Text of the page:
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Grocery Shopping with Food Safety in Mind


According to the Centers for Disease Control and Prevention, food-borne illnesses cause about 325,000 hospitalizations and 5,200 deaths each year across the US. Congress introduced legislation last year, called HR 875 (S510 in the Senate) Food Safety Modernization Act to establish a Food Safety Administration within the Department of Health and Human Services to protect the public from preventable contaminants that cause food-borne illness, however the bill has been delayed because of the recent healthcare reform law and, most recently, consideration of financial regulatory reform.

But you can still take steps on your own to help decrease the risk of developing a food-borne illness with some simple guidelines offered by foodsafety.gov, an initiative of the CDC, the Food Safety and Inspection Service (FSIS) of the US Department of Agriculture, and the US Food and Drug Administration (USDA).

1. Check the store for cleanliness. It’s not always the obvious, like dirt in the floor or fruit flies around the produce, but definitely look around and let your eyes and ears offer reassurance that the store is doing its basic cleaning each day. Watch the butcher or the seafood handler. Are they practicing safe food techniques – wearing gloves and hairnets, cutting food on clean boards, washing hands, etc? If you have time, check your local health inspector report for the most recent inspection score.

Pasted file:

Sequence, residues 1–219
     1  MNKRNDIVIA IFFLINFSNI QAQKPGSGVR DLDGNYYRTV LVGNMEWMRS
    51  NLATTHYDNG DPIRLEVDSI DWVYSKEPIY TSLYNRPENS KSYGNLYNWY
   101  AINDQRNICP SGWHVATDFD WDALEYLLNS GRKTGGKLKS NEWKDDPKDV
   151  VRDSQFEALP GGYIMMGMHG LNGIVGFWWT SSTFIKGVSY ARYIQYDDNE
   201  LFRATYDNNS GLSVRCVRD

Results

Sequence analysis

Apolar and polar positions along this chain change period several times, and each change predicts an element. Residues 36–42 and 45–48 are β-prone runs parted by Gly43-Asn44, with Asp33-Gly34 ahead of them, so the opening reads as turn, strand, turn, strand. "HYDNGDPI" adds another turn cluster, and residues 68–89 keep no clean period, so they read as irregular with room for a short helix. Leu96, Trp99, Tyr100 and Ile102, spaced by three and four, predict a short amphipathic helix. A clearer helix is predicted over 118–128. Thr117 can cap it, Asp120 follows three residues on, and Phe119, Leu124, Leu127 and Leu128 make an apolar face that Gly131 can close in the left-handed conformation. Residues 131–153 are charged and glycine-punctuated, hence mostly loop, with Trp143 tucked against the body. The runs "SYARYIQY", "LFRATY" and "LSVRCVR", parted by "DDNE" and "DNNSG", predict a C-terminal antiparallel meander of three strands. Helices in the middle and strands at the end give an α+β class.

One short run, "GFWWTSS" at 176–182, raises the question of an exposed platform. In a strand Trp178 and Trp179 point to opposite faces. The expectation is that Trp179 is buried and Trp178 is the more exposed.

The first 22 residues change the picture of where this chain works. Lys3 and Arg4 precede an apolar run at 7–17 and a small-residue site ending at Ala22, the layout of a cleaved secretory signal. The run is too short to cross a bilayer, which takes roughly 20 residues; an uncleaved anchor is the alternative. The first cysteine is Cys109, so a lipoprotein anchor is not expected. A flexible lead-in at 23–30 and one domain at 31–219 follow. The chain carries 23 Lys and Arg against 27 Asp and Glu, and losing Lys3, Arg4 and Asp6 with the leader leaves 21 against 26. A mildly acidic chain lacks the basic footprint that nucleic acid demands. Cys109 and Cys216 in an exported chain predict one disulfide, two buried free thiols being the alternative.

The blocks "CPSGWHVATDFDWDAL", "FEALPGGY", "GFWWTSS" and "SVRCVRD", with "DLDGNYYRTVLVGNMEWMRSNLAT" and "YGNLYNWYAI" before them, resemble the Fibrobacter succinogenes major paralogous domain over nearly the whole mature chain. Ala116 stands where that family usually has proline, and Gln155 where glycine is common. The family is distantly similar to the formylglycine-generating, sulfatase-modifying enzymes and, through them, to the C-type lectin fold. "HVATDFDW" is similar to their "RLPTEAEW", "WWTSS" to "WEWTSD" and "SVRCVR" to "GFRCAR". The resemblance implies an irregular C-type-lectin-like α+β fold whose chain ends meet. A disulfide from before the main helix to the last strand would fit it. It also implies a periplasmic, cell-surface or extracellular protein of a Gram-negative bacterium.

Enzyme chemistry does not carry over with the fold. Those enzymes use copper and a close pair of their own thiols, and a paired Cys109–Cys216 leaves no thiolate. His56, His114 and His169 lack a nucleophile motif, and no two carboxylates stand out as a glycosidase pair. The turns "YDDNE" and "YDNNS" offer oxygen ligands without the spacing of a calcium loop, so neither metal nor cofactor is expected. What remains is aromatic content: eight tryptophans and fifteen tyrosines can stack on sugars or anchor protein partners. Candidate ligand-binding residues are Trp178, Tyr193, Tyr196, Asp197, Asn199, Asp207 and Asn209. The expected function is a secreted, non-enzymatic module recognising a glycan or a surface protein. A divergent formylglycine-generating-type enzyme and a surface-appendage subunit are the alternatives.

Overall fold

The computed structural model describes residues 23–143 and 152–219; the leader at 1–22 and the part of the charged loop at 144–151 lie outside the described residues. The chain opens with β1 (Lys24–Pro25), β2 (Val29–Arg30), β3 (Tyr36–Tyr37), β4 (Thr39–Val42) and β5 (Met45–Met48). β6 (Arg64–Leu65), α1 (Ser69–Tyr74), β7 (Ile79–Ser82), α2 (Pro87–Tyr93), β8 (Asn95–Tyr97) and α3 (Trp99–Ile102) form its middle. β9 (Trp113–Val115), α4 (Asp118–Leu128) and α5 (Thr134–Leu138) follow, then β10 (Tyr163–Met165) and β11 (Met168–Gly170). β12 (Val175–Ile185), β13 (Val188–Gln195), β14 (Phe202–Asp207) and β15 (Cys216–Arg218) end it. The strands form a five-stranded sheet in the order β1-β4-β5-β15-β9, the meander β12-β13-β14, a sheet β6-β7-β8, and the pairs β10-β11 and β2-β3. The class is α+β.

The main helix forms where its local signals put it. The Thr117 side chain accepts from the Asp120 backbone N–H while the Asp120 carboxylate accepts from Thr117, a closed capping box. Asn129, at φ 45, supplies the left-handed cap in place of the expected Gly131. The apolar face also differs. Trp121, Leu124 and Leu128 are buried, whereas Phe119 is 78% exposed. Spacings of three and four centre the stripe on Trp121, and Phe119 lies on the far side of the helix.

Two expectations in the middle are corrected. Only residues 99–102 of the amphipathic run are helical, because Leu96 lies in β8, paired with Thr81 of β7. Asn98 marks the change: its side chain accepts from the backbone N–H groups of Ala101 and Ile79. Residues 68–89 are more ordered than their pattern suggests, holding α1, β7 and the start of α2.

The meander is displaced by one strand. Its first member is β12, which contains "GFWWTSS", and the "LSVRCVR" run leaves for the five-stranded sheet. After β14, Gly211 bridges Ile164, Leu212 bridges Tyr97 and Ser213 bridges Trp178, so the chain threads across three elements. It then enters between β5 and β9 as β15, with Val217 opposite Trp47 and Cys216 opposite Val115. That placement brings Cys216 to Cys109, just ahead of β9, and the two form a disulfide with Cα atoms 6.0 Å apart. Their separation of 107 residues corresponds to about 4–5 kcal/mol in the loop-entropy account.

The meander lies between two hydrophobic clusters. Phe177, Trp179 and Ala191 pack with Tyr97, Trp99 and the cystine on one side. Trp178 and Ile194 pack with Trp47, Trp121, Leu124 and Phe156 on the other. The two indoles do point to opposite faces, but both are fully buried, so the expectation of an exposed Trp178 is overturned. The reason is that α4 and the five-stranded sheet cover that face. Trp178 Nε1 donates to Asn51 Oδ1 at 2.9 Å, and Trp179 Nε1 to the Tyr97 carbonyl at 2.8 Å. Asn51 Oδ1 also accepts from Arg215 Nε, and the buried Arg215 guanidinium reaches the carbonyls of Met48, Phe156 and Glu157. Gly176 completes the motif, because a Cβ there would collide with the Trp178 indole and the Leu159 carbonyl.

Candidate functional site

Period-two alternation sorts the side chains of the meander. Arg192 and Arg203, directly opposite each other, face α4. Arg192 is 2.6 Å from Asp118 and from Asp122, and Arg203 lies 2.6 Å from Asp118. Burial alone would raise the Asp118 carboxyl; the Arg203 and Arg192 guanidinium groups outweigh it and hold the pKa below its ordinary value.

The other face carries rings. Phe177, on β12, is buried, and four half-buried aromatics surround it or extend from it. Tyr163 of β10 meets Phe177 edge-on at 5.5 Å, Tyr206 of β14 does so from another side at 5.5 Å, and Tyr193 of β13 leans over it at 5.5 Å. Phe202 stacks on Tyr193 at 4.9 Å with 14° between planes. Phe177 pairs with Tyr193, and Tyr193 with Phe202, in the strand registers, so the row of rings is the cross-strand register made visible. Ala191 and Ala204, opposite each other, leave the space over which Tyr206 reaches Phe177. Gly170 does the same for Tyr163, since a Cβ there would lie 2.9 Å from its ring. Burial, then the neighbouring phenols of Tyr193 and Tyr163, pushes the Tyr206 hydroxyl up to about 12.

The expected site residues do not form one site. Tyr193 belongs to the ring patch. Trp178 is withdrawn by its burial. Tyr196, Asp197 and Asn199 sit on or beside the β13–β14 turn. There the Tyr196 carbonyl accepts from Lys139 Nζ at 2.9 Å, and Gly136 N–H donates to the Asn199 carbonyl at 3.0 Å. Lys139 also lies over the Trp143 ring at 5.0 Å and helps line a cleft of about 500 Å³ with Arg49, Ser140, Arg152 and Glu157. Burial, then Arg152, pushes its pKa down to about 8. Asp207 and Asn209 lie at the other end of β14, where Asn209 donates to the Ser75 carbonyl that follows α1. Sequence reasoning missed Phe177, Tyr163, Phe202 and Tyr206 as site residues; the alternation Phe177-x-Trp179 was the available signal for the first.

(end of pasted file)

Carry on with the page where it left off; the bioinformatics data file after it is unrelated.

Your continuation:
2. Start in the middle aisles, purchasing boxed, canned, and shelf-stable foods first. When buying canned products, do not buy those that have dents or bulges. This can be a sign that the food is contaminated. Look over all packaged foods. Any that is torn, damaged, or has a seal that appears tampered with – put it back.

3. Next shop for produce, as these need to be properly handled, but can be at room temperature a little longer than dairy, meats, or frozen foods. Bag each fruit or vegetable separately (but remember to recycle the bags later!) so that each food is protected from cross contamination.

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4. Buy meat and seafood products, but grab a couple of those extra bags from the produce section to wrap around the meats to add an extra layer of protection until you get the food home. Remember to always keep raw and prepared foods separated. For example, do not put raw steak that may be inadequately wrapped next to your salad greens.

5. Lastly, shop for cold dairy foods and frozen foods. Again, look over the packages to ensure that there isn’t damage. Avoid frozen foods that are above the frost line in the store’s freezer – they may not be adequately cooled. If the package is clear, look for signs of ice crystals which indicate that the food has thawed and been refrozen either during transport or in storage.

6. Check out and get the food home as soon as you can. Don’t stop off for other errands with food in the car, as harmful bacteria continue to multiply as food reaches the “danger zone” between 40 degrees and 140 degrees Fahrenheit. It might be a good idea to keep hot/cold thermal bags in the car or a cooler in the passenger section (not in the trunk) for maintaining temperature if you have to drive a long distance home.

7. At home, put food away immediately – don’t set that steak on the counter to cook later. Maintain separation of raw and cooked foods to prevent contamination and possible food-borne illness.

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Want to teach your kids about food safety? The USDA FSIS has a printable activity book that is educational and entertaining. The Be Food Safe Activity Book contains word searches, crossword puzzles, word scrambles, and mazes focusing on different food safety principles. An excellent way to keep the kids occupied while you unload the groceries!